climate change - peak oil
‘Taken together, climate change and peak oil make a nearly airtight argument. We should reduce our dependency on fossil fuels for the sake of future generations and the rest of the biosphere; but even if we choose not to do so because of the costs involved, the most important of those fossil fuels will soon become more scarce and expensive anyway, so complacency is simply not an option.'
this text is an extract from the 'The Transition Handbook' of Rob Hopkins
One of the more absurd phenomena to emerge in recent years is that there are climate change activists who dismiss the peak oil argument, and peak oil activists who downplay climte change. It is as if people have discovered terrain which is somehow ‘theirs', which they intend to gallantly defend against all-comers. Georg Monbiot for example has expressed caution about emphasising the peak oil argument, fearing it will legitimise the case for biofuels, increased coal use, tar sand extraction and other climatically catastrophic approaches, ‘We don't have to invoke peak oil at all to see the sense and the logic in the transition approach, because even if the peak oil problem doesn't exist in any form, climate change does,' he told a public meeting. Tony Juniper of Friends of the Earth acknowledges that peak oil is a real challenge: ‘We do need to have the peak oil question in mind, because, irrespective of what we do about climate change, there is going to be an additional shock that's going to be economically significant, if not quite dangerous, coming from the oil price shooting up at some point very likely in the not-too-distant future.' He concludes, however, by saying: 'So the two are related but I think we have to keep them separate in terms of how we present them and deal with them because otherwise we create inadvertently damaging responses.'
But keeping climate change and peak oil separate does nothing to assist our development of realistic and potentially successful responses. Jeremy Leggett calls them the ‘Two Great Oversights of Our Time' and, to borrow from al Gore, peak oil is as much an Inconvenient Truth for climate change campaigners as climate change is for everyone else. Both, of course, are symptoms of a society hopelessly addicted to fossil fuels and the lifestyle they make possible. It is, however, too simplistic to assert that peak oil will mean climate change will be brought under control because we will run out of access to affordable liquid fuels; the situation is much more complex.
We do have a choice how we respond to peak oil. We can use it as an argument for developing solutions that actually put in place infrastructure that will support beyond the Oil Age, or we can use it to justify clinging to fossil fuels at all cost. The danger is, as Monbiot argues, that the gap which emerges as liquid fuels decline in availability will be filled with other fuels each far worse in terms of their climate impact than oil was.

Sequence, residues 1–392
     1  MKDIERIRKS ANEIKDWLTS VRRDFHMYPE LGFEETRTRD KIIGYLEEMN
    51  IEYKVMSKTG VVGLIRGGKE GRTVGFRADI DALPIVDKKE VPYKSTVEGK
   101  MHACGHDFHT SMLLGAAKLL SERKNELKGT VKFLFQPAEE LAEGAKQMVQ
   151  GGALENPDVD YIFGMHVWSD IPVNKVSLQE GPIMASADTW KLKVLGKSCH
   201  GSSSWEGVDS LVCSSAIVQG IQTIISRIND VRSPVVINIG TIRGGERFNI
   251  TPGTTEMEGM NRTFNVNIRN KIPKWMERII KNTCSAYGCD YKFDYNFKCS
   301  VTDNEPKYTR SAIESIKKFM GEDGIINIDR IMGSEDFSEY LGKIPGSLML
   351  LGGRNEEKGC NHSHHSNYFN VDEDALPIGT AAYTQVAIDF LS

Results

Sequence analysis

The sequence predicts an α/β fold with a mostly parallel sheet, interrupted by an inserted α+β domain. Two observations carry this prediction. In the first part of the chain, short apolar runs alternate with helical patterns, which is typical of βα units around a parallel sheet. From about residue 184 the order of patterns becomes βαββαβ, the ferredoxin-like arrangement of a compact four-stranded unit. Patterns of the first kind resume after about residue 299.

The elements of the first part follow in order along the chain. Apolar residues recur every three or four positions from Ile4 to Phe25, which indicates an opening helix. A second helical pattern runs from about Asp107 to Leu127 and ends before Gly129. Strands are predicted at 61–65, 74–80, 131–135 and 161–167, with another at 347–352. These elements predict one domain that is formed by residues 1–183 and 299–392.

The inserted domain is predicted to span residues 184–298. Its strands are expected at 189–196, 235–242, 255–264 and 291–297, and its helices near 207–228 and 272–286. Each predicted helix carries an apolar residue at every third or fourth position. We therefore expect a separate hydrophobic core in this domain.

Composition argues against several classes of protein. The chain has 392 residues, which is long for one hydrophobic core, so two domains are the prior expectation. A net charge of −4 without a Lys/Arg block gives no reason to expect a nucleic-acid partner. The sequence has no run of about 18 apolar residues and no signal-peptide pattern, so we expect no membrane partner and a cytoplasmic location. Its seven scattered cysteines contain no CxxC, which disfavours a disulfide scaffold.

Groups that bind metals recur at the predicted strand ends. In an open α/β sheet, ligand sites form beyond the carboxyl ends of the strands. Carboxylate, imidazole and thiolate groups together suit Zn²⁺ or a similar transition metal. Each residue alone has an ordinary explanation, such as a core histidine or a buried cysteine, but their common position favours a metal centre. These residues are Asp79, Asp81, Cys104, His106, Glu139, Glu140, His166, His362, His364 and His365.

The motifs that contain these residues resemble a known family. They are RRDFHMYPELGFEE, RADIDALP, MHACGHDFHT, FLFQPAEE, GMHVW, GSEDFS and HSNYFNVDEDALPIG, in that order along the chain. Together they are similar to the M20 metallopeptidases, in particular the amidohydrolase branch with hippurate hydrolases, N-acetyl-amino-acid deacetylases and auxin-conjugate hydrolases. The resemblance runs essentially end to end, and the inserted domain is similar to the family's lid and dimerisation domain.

Actually, even the current reserves of oil alone are more than enough to take us into full blown climate chaos. Natural gas, often touted for its supposed ecological benefits, is not much better. A glance at the total global coal reserves is enough to induce despair. Any strategy to address climate change must by definition involve the phase out of these fossil fuels, and ‘just transition' strategies need to be negotiated immediately.
For example, any increase in the production of Canadian oil sands, Venezuelan extra-heavy oil, and Rocky Mountain shale oil will entail energy-intensive activities at staggering levels, sure to emit vast amounts of CO2, which might more than cancel out any gains from climate protective activities. In addition, increased biofuels production risks the diversion of vast tracts of arable land from the crucial cultivation of basic food staples to the manufacture of transportation fuel. If, as is likely, oil prices continue to rise, expect it to be ever more attractive for farmers to grow more corn and other crops for eventual conversion to transportation fuels, which means rises in food costs that could price basics out of the range of the very poor, while stretching working families to the limit.
If we don't fill the gap between the need and the availability of fossil fuels with conservation and a concerted programme of relocalisation, and if we refuse collectively to acknowledge the reality of energy decent (the downward trend in the net energy underpinning society), we will rapidly drive ourselves beyond the climate topping points and will unleash climate hell and other disastrous series of events.